#01567
The Loss Of The Barbara Ann Ronney
(The Loss Of The Barbara & Ronnie)

In summertime, in summertime,
How gently winds can blow
When the boats from Glace Bay harbour
To the fishing grounds does go;
There's boats in port from Newfoundland,
Main-à-Dieu and Scatarie,
For to those friendly fishermen
Cape Breton ports are free.

It was in the spring of fifty-one,
Walter Bond was in command
Of the sturdy Barbara Ann Ronney
From Petites in Newfoundland;
Five sharemen were on board of the boat
And fished out from the bay,
And when the season ended,
They prepared to sail away.

Six men were on the boat that day
With Captain Walter Bond,
Charlie and Kenneth Courtney
From Petites they do belong;
Ward Major and Richard Goss
Were from the valleys too,
And Russell Ballard from Grand Bruit
Were the members of the crew.

Tom Bennett said to Captain Bond,
"I'll come on board and stay,
We shall go home together
And spend our Christmas day."
And while they put their freight on board
Their thoughts went over the foam,
For deep in every sailor's heart
There lies the love of home.

"A merry merry Christmas, b'ys,
And a happy New Year" -
As they gaily waved to friends on shore
As they passed the Glace Bay pier;
"A merry Christmas to you all,
We'll be back again in May."
They loaded the Barbara Ann Ronney,
From the harbour sailed away.

The seagulls circled overhead,
And the skies were dull and gray,
The radio foretold a storm
This chill December's day;
And friends along the waterfront
Can fully understand
Why the boat went into Ingonish
On 'er way to Newfoundland.

"Oh, Mother dear," the children cried,
"Where is our father's boat?
He said that he was coming home
The last time that he wrote."
Grief-stricken was the mother's heart,
The father and his crew,
For they're cradled in their ocean beds
Beneath the ocean blue.

In wintertime, in wintertime,
How fiercely winds can blow,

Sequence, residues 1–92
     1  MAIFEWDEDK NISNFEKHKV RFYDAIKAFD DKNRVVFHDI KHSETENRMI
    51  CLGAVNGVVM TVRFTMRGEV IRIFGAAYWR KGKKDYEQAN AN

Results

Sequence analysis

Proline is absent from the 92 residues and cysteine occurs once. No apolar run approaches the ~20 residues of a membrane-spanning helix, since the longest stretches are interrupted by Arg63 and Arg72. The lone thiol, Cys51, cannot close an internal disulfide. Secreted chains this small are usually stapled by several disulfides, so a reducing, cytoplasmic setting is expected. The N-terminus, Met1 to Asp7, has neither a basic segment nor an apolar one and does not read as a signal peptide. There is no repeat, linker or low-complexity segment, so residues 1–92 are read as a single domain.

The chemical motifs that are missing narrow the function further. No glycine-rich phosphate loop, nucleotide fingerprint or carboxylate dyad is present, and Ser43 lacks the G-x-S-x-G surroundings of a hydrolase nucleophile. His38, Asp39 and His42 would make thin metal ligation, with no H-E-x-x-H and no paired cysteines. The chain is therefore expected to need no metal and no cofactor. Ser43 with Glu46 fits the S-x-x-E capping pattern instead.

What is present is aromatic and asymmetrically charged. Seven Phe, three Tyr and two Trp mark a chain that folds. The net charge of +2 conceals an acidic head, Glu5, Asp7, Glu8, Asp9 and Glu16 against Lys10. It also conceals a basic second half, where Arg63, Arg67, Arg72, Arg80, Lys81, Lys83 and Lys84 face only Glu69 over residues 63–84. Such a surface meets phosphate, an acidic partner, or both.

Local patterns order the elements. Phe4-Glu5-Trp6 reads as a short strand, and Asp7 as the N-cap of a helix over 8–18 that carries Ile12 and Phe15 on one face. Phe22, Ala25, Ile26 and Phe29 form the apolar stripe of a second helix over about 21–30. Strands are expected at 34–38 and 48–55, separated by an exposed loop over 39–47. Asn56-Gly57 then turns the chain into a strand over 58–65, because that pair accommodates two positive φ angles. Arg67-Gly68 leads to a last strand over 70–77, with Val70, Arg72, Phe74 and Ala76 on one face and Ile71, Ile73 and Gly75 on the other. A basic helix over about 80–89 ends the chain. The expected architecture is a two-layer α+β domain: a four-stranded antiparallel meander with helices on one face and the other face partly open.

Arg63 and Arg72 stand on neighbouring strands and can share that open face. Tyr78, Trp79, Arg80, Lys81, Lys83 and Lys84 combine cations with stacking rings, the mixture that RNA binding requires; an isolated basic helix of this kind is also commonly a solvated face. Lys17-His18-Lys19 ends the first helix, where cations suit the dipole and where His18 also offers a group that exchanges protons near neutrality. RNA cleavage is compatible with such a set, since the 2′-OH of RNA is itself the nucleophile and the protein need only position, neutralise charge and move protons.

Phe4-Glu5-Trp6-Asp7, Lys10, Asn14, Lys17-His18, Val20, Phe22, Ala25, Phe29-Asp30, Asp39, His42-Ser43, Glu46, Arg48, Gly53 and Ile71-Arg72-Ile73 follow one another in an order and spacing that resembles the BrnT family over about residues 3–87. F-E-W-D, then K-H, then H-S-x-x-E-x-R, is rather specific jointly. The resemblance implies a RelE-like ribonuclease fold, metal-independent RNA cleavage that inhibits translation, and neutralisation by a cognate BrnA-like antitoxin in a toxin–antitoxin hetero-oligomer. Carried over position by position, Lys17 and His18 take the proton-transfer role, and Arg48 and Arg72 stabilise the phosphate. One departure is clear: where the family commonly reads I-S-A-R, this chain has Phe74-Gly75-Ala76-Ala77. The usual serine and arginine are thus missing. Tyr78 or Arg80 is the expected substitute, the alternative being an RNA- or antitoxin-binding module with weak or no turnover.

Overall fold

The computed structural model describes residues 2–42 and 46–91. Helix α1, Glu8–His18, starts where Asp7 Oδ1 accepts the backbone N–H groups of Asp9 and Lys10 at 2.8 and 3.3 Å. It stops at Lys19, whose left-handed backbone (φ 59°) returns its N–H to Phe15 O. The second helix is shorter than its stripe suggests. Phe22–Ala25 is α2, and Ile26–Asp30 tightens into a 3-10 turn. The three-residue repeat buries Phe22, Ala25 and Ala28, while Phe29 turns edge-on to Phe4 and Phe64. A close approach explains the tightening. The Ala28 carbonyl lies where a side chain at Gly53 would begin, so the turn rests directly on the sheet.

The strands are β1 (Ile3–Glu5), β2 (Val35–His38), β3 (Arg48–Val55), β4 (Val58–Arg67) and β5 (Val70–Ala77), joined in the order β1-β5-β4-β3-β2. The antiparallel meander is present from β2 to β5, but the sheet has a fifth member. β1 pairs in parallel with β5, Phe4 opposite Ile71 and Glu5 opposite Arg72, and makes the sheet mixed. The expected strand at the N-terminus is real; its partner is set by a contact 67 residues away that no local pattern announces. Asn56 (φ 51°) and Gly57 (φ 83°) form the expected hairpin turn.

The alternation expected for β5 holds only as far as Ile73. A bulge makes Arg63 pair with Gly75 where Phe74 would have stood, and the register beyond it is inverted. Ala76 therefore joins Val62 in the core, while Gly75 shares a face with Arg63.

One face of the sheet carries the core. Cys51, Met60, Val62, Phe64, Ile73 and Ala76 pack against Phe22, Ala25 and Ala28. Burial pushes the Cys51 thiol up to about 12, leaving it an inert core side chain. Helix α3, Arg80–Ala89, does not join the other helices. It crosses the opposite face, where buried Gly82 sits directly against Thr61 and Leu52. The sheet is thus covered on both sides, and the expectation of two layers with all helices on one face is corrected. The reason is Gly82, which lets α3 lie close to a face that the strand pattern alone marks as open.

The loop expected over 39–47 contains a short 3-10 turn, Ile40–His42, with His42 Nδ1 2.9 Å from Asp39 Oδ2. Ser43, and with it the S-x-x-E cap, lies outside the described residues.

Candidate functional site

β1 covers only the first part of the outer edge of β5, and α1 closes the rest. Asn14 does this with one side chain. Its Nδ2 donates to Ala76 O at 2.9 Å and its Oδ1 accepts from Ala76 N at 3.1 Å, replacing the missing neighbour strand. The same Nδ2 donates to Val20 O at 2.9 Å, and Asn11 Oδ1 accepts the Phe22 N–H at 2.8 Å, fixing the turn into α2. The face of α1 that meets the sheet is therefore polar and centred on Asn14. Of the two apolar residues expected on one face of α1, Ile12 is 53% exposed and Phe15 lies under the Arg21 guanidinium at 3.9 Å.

When the heavy seas will lash the shores
As many poor sailors know;
On the eighteenth day of December
The winter hurricane blew,
And we all feared for the safety
Of the captain and his crew.

Oh, many are the secrets
That are hidden by the sea,
And men entrusted by her crew
She guards most tenderly;
It's only the stars that shine above
And the restless ocean know
Where the Barbara Ann Ronney foundered
When those winter winds did blow,

####.... Author unknown. Original Newfoundland ballad composed in Petites, NL, c.1955, according to the singer, Kenneth Pink ....####
Collected by Kenneth Peacock in 1959 from Kenneth Pink [1938-?] of Rose Blanche, NL, and published in Songs Of The Newfoundland Outports, Volume 3, pp.937-938, by the National Museum of Canada (1965) Crown Copyrights Reserved.

Kenneth Peacock noted that Main-à-Dieu, Scatarie, and Ingonish are on the east coast of Cape Breton Island, Nova Scotia, and Petites and Grand Bruit are on the south coast of Newfoundland. He also stated: "As I was unable to travel to Petites to check out the personal names (including the name of the boat), I have witten them as they were pronounced."

According to the Northern Shipwrecks Database and Clarence Vautier Jr and Marina Bateman of LaPoile, NL, the correct name of the 46 foot fishing skiff in this song is MV Barbara & Ronnie, built in North Bay, La Poile, NL, in 1944 by Edward and Ernest Farrell. She was presumed lost in Glace Bay, NL, on December 18, 1951. The names of the six crew members and one passenger were reported as: Captain Walter Bond, 37; Russell Billard, 22; Richard Gosse, 18; Kenneth Courtney, 27; Charlie Courtney, 19; Ward Mauger, 24; and Thomas Bennett, 33.

From the Dictionary of Newfoundland English:
Shareman - member of a fishing crew who receives a stipulated proportion of the profits of a voyage rather than wages.


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